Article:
From: Revelation II
Rated: PG13 for mild language
A very long time ago, when the human race was even younger than it is now (although such a thing hardly seems possible), tribes and clans and little nomadic herds crossed the plains, scaled the mountains and spread out across the untouched Earth. They were looking for food, they were looking for nice weather, they were looking for a place they could call home. They were wanderers; they had a purpose, they just didn't know it yet.
Jack's aunt - a withered, radically pious woman, bitter and untrusting despite a lifetime devoted to her church and her faith - refused to accept this natural explanation. She told Jack that people long ago had wandered the continents, crossed straits and even oceans, not for comfort or even survival but because they were trying to find their way back to Eden. Subconsciously, she said in a raw and raspy voice, humanity had been searching for paradise ever since Adam and Eve had been expelled from it; the longing was in their bones, in their blood. They didn't want just any place -- they wanted that place, the garden of eternal peace in the sight of God. Once mankind had swarmed over the entire globe they simply redirected their search heavenward, reaching for the stars, peering closely at planets, not because of scientific curiosity or an insatiable desire to know, but because they were still looking for Eden. But because of the sin of their forbears, they would never find it, never find it, doomed to wander forever.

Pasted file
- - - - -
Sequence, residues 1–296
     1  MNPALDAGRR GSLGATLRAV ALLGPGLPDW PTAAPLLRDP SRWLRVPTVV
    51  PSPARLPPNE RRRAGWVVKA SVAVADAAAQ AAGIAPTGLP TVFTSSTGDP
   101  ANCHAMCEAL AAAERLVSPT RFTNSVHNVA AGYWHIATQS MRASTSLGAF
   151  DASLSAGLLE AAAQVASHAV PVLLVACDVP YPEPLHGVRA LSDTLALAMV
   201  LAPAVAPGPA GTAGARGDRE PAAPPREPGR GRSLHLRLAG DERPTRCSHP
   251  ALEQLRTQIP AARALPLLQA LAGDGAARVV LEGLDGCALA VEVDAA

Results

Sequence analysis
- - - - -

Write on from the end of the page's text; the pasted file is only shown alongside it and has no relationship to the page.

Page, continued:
Jack opens his eyes and remembers that his aunt is dead. It's something of a relief.
Then he remembers that Eden is gone.
She would have expected that over a thousand people would make a lot of noise. Not now. Not these people. They're tired; chins rested on chests, some sleeping in the dirt. The sun is lowering itself behind the mountains. Insects drone. Sam hopes they don't bite.
Daniel is on the ground, using his backpack as a pillow. His head tilted skyward, he might have been searching for early stars, but his open eyes are strangely glassy. "How many more times?" he asks. There is no breeze, the air is still; his voice barely carries.
She leans back against the stone outcrop, pressing her spine and shoulder blades against it. It hurts, but she needs the pain. "If we're not safe here, we're not safe anywhere."
They have nothing. Nothing. Just the clothes and packs on their packs. Not much food. Even less water. No shelter. And she doesn't care. She's too tired to care.
She's kept them alive, all of them. They had scowled and cursed at her. Her throat is sore and her muscles ache. Why can't her job be over now?